Artificial retina implants for treating neurodegenerative diseases and blindness were developed by the EU-funded 'Diamond to retina artificial micro-interface structures' (Dreams) project.
Electrical stimulation of the specialised cells that conduct nerve impulses, known as neurones, is a well known therapy for treating Parkinsons disease and other degenerative disorders of the central nervous system (CNS). This approach could also have a significant impact on the treatment of blindness.
However, available commercial devices based on metal-impregnated electrodes break down in the body causing cells to react by forming a glial scar. Therefore, a new approach was needed for creating implants that could activate the neurones and not degrade over time.
The Dreams project investigated new types of nanotransducers based on artificial nanocrystalline diamond (NCD), which does not break down in the body, and took advantage of NCD semiconducting properties. The consortiums aim was to create biocompatible implants that were capable of restoring patients vision to a useable level.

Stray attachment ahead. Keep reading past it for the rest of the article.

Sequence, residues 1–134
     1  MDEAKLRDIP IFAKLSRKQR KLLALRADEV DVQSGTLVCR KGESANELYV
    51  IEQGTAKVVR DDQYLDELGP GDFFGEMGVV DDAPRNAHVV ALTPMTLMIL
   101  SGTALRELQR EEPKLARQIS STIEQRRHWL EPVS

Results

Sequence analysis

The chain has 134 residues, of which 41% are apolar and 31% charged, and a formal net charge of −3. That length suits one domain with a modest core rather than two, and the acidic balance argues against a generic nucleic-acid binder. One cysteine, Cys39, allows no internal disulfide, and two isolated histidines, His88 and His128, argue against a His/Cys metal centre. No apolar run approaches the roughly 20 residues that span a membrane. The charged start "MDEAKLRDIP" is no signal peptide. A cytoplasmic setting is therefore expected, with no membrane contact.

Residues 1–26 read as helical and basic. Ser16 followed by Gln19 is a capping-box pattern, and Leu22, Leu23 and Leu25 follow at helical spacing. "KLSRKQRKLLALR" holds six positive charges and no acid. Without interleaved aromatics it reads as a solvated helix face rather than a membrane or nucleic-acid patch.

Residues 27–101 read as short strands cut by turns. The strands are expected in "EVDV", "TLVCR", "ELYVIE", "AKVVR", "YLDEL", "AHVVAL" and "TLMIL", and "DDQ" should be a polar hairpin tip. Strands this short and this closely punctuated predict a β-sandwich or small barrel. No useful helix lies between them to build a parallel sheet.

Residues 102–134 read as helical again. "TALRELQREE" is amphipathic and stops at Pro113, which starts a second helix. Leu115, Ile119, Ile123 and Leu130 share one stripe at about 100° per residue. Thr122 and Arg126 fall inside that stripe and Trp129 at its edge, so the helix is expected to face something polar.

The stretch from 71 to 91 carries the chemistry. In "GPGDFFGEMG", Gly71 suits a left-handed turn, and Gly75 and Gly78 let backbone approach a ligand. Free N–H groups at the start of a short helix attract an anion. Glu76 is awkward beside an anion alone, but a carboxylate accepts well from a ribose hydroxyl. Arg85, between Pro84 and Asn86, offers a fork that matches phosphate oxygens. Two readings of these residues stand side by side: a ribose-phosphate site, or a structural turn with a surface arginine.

Project partners used NCD films to create new structures on which neural cells could be grown to create implants that were compatible with the human body. The scientists then assessed the survival rate and stability of the cells, which were taken from the lining of the inner eye of laboratory rats. The ability of the implants to successfully activate neurones was also examined.
Results showed good biocompatibility for diamond in contact with retinal tissue and supported the potential use of diamond in neural and retinal prostheses. The projects success therefore provides a ray of hope for sufferers of degenerative disease and blindness, who may not have to remain in the dark any longer.
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